Emotional decision-makers and anomalous attitudes towards information
We use a simple version of the Psychological Expected Utility Model (Caplin and Leahy, QJE, 2001) to analyze the optimal choice of information accuracy by an individual who is concerned with anticipatory feeling. The individual faces the following trade-off: on the one hand information may lead to emotional costs, on the other the higher the information accuracy, the higher the efficiency of decision-making. We completely and explicitly characterize how anticipatory utility depends on information accuracy, and study the optimal amount of information acquisition. We obtain simple and explicit conditions under which the individual prefers no-information or partial information gathering. We show that anomalous attitudes towards information can be more articulated than previously thought.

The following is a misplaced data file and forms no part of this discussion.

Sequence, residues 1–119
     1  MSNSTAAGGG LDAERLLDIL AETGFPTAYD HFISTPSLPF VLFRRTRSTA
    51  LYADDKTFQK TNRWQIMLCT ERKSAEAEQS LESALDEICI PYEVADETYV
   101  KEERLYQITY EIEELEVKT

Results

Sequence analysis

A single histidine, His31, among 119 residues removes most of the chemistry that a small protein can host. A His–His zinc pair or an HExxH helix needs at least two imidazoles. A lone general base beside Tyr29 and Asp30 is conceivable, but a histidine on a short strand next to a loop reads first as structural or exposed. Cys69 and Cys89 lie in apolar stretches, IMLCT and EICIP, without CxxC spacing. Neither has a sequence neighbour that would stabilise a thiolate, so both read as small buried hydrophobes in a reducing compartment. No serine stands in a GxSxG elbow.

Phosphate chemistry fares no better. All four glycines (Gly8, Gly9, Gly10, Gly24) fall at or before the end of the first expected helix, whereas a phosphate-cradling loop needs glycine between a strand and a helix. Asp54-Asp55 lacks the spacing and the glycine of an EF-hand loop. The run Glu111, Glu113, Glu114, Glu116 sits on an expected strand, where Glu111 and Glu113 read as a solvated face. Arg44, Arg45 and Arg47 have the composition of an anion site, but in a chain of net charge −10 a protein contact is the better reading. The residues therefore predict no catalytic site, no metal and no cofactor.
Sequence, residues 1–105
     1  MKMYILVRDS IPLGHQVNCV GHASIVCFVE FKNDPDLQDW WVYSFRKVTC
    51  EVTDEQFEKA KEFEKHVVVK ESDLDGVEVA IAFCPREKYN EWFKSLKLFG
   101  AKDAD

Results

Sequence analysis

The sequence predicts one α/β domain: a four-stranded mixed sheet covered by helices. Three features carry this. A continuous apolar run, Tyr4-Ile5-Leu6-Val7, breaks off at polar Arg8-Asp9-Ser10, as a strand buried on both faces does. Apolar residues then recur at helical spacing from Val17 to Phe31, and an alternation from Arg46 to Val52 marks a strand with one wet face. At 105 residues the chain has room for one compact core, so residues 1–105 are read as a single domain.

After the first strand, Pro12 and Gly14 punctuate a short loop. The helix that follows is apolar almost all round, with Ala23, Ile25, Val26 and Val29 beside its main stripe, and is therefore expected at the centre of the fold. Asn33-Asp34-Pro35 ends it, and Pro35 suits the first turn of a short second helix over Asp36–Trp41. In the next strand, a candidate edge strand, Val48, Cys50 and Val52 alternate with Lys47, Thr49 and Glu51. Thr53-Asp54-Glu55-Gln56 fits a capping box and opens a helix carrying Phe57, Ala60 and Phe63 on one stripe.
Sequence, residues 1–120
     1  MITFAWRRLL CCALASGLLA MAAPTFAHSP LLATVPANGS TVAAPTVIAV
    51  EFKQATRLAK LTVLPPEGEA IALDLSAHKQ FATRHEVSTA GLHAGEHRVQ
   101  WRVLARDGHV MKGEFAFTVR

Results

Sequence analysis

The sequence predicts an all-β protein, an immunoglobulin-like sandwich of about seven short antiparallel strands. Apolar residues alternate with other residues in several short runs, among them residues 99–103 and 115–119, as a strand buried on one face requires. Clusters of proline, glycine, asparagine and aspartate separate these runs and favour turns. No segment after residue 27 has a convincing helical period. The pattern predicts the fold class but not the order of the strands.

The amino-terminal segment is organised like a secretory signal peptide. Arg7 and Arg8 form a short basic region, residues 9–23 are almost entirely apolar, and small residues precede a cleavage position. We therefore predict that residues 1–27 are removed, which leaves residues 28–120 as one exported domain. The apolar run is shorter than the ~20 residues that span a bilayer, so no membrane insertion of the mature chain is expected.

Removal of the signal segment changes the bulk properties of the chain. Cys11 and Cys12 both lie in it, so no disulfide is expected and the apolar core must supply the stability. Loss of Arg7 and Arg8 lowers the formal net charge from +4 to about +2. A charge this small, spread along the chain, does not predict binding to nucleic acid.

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- Caplin, Andrew & Leahy, John, 1997.
"Psychological Expected Utility Theory and Anticipatory Feelings,"
97-37, C.V. Starr Center for Applied Economics, New York University.
- Andrew Caplin & John Leahy, 2001. "Psychological Expected Utility Theory And Anticipatory Feelings," The Quarterly Journal of Economics, MIT Press, vol. 116(1), pages 55-79, February.
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- Eliaz, Kfir & Spiegler, Ran, 2006. "Can anticipatory feelings explain anomalous choices of information sources?," Games and Economic Behavior, Elsevier, vol. 56(1), pages 87-104, July.
- Niklas Karlsson & George Loewenstein & Duane Seppi, 2009. "The ostrich effect: Selective attention to information," Journal of Risk and Uncertainty, Springer, vol. 38(2), pages 95-115, April.
- Caplin, A. & Leahy, J., 1999.
"The Supply of Information by a Concerned Expert,"
99-08, C.V. Starr Center for Applied Economics, New York University.
- Koszegi, Botond, 2003. "Health anxiety and patient behavior," Journal of Health Economics, Elsevier, vol. 22(6), pages 1073-1084, November.
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